New technologies and new solutions of any type to clinical demand are not the exclusive mandate of start-up companies. Indeed, companies like Medtronic, J&J, Boston Scientific and many others are highly proficient in developing new products that capitalize on new technology possibilities while competitively responding to clinical demand.

However, start-up companies hold a certain value in gauging future medtech markets for their tendency to focus on new technologies in which they see clinical opportunity as being so significant that they are not just introducing a new product, but they are founding a new company to do so. With such commitment being demonstrated, it is therefore well worth paying attention to their activities.


Startups Database Screen Shot of Search ResultsMedMarket Diligence’s Medtech Startups Database is a live resource of newly established medical product companies (adding 10-15 new companies per month and updating existing company data) with focus on medical devices, biotech, biomaterials and others competing in frequently overlapping clinical applications. (See details.)  The complete listing of clinical/technologies covered include:

  • Arrhythmia
  • Biomaterials
  • Biotechnology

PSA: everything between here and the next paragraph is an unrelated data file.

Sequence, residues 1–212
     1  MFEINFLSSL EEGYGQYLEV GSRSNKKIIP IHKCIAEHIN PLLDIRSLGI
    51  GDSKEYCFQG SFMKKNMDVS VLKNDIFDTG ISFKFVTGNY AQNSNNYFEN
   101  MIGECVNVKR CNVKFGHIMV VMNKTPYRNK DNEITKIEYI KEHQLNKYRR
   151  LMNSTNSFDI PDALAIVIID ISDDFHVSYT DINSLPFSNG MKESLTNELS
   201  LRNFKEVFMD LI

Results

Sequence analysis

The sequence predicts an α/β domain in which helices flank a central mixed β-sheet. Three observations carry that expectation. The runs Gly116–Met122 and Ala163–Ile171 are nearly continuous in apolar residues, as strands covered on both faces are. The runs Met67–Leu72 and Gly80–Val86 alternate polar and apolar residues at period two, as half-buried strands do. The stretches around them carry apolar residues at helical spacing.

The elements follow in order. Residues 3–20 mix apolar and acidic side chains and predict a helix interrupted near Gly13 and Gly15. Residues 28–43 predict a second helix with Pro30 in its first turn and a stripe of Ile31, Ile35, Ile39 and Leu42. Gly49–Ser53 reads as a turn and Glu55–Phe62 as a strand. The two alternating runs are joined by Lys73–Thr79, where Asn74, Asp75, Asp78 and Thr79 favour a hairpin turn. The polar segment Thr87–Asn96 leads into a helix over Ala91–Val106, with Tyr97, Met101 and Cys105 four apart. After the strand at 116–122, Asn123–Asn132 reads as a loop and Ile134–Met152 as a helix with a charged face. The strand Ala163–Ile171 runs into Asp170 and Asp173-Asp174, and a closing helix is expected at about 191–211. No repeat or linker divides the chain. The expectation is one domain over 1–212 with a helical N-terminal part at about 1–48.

• Blood, organ, tissue
  • Cardiovascular Diagnostics
  • Cardiovascular Therapeutics
  • Critical Care
  • Dental/Oral Surgery
  • Diagnostic Imaging
  • Diagnostics
  • Drug Delivery
  • Drug Discovery
  • Interventional Radiology / Vascular Surgery
  • Minimally Invasive Technology
  • Neurology/Neurosurgery
  • Oncology
  • Ophthalmology
  • Orthopedics/Musculoskeletal
  • Patient Monitoring
  • Pharmaceutical
  • Surgery
  • Urogenital
  • Wound

Tags: medtech, startups

 

MEMS and Nanotech in Medicine

In initiating our report on “Micro- and Nanomedicine“, which details the full spectrum of products, technologies and markets in the application of MEMS and nanotech to medical use, I elected not to approach this as an update of the report we did in 2003, for several reasons. First, I was able to draw on very qualified resources for the current report, and was particularly interested in the analysis capitalizing on this by having an “unbiased” view of the market. Second, the market continues to be driven heavily by R&D, which by its nature results in a rapid flux in the players, the nature of their nanotech/MEMS initiatives and the actual status of development.Since our prior analysis, a very great deal has changed in the fields defined by those corporate, academic and government entities pursuing medical development of nanotech and MEMS. We currently profile about a 100 companies, but there are easily 4-fold more that one might consider for profiles given the number of companies and their current or potential involement in micromedicine or nanomedicine.